Those parts of a public area in agricultural production attract hunters quicker than a blue-light special in the camouflage clothes aisle. And while it’s not wise to ignore such areas totally, it’s often more effective to skirt the standing or harvested ground and focus instead on the most unsuitable-looking cover immediately downwind.
Downwind? Yes, you read that correctly. Pheasants—particularly late-season pressured roosters, just like some crafty whitetails—will often tend to seek cover in the most unlikely of places. It’s not because they’re thinking, per se, that no one will look for them there, but simply because no one looks for them there. And, also much like a whitetail, a rooster will use the wind to his advantage, not in the same olfactory sense, but rather as an early warning device. To a rooster in November, the sound of a truck door shutting and a shotgun bolt slamming mean only one thing: run.
To combat this, the solo hunter can employ two tactics, either individually or in tandem. The first is stealth. This applies not only to the slamming of doors and other unnatural sounds, but also to the amount of noise the hunter makes getting into position to begin working the chosen parcel of cover.
A second technique that often proves effective once a hunting location has been chosen is to park in an out-of-the-way place, where permissible, as opposed to the traditional parking areas. The hunter then approaches the cover from a non-traditional, and preferably downwind, direction that isn’t expected by pheasants used to the routine employed by the masses. It may require a longer walk, but it may also catch roosters off guard.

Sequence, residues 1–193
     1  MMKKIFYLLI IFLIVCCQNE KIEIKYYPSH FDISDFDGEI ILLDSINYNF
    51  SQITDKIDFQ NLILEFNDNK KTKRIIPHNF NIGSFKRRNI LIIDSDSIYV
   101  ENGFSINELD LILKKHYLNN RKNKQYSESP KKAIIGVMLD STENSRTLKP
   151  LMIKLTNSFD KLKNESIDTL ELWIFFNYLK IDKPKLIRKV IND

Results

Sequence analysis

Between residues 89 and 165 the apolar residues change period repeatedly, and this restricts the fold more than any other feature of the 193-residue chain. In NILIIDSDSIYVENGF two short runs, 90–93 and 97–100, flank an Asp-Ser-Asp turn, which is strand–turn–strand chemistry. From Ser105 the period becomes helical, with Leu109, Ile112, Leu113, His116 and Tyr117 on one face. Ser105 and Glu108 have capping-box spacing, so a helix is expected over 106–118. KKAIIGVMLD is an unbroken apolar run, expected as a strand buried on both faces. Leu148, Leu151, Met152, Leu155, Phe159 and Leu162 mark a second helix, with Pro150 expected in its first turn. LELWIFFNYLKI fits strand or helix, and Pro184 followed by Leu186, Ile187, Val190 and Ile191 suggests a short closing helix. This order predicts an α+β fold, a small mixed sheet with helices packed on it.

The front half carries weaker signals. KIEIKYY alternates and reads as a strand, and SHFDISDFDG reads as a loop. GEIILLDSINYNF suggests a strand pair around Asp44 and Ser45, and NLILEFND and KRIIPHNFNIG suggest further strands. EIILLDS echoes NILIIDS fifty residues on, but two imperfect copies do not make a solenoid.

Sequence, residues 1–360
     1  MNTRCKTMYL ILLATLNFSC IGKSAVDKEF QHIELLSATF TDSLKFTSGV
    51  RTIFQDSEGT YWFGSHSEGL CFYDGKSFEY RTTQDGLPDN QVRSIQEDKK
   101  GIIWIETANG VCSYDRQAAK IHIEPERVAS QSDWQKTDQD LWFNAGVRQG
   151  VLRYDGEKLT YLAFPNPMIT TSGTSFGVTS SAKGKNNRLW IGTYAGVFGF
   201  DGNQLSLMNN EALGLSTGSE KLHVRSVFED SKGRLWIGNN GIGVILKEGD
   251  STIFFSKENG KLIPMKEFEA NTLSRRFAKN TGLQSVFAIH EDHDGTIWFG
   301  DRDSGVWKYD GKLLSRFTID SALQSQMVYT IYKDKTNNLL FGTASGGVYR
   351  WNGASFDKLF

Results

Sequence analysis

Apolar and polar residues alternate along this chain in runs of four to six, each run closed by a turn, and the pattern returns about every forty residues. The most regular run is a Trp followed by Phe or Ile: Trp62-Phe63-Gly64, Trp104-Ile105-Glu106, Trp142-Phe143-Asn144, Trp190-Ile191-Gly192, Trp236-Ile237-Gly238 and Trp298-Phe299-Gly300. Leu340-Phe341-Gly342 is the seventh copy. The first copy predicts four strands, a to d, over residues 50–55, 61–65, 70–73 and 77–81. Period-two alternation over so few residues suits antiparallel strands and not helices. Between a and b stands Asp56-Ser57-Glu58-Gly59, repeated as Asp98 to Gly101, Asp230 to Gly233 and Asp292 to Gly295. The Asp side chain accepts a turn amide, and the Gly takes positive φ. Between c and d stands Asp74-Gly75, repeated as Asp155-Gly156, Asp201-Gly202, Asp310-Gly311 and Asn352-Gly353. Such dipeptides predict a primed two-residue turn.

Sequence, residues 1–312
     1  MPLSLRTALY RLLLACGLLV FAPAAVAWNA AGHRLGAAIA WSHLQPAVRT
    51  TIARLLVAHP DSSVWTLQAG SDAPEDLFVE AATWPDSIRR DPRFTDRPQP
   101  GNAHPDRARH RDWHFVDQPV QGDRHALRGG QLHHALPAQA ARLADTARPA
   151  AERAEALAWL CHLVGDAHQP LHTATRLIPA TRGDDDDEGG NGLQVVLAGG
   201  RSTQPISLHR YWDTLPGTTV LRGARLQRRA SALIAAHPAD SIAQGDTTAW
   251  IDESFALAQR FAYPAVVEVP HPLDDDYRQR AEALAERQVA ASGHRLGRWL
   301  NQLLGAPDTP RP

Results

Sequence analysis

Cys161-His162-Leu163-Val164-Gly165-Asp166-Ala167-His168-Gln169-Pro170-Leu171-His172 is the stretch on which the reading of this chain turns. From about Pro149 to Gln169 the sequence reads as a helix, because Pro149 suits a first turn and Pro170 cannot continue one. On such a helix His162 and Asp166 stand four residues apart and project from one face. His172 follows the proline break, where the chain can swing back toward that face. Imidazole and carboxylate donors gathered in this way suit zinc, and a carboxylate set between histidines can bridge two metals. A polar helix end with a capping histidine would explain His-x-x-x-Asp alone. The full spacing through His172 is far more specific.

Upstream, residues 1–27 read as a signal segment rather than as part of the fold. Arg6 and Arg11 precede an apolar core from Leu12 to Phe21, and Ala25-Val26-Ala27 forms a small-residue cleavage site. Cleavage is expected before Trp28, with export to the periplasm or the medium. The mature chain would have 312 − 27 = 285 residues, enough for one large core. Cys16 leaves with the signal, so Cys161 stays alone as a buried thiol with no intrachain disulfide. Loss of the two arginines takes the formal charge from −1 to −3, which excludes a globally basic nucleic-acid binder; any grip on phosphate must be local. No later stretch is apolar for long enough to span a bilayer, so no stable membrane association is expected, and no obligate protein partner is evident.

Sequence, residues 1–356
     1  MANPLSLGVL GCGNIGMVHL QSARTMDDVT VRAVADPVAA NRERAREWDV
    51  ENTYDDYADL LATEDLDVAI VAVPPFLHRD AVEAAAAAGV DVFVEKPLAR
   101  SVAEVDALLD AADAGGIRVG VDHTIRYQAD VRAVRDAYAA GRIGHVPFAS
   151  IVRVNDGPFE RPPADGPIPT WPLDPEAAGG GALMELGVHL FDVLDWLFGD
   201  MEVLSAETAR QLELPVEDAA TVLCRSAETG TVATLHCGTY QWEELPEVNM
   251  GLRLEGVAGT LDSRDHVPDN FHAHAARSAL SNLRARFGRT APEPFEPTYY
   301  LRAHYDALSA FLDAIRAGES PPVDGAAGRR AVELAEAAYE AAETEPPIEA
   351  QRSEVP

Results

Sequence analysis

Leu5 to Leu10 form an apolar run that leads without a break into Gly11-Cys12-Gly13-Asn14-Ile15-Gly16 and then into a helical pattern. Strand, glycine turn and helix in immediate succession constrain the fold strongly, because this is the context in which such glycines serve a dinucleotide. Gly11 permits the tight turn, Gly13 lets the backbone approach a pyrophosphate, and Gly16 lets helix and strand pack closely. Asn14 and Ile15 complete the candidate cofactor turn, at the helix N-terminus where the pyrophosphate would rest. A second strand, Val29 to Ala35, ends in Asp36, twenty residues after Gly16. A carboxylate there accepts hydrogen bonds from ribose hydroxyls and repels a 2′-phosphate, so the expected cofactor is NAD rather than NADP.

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But wait. Isn’t all this preparation—all this planning and strategy and sneaking around—going overboard? They are, after all, just pheasants.
Just pheasants? Yes, but whether wild creatures have ringed necks or antlered scalps, they are very wary and oftentimes very frustrating. These animals have four very elemental requirements: food, water, cover and staying away from predators, of which we are but one of many. Those who regularly hunt pheasants know it doesn’t take the avian survivors of opening week long to figure out the program. Still, these same, long-spurred veterans aren’t invincible, especially for those willing to leave the muscle of the masses standing at the field gate and opt instead for slugging it out with the birds one on one.
GOING SOLO WITH ROVER
For solopheasant hunters with canine companions, success is summarized in one word: control. Of course a well-trained dog that stays close, looks back often, and reacts to non-verbal commands (whistles or hand signals) is ideal. A hunter-dog team working in this way is coordinated, quiet and highly effective on roosters.
A hunter can, however, allow the dog to mostly determine the course of action. My wife’s Lab, Jet, is a people dog: She stays close and constantly comes back to check on her people. I’ve capitalized on this by keeping her at heel until reaching the parcel we plan to hunt, then turning her loose and following her lead. It took only a handful of outings before she realized what I expected, and for me to translate her body language into pheasant-finding information. Using this tactic, Jet accounted for 58 roosters during one Iowa season and more than 40 ringnecks the following year.
FEDERAL PREMIUM HI-BIRD
These shotshells are all about the wad. Federal houses the shells’ payloads in a two-piece wad that uses SoftCell technology, which reportedly reduces felt recoil and improves pattern consistency at long ranges. Both are benefits for solo pheasant hunters, as is the price in these days of ultra-premium (read expensive) shotshells. Hi-Bird is available in 1 1/8- and 1 1/4-ounce loads of No. 4, 5, 6, 7.5 and 8 lead shot. MSRP: $10.95-$14.95 per 25 rounds; federalpremium.com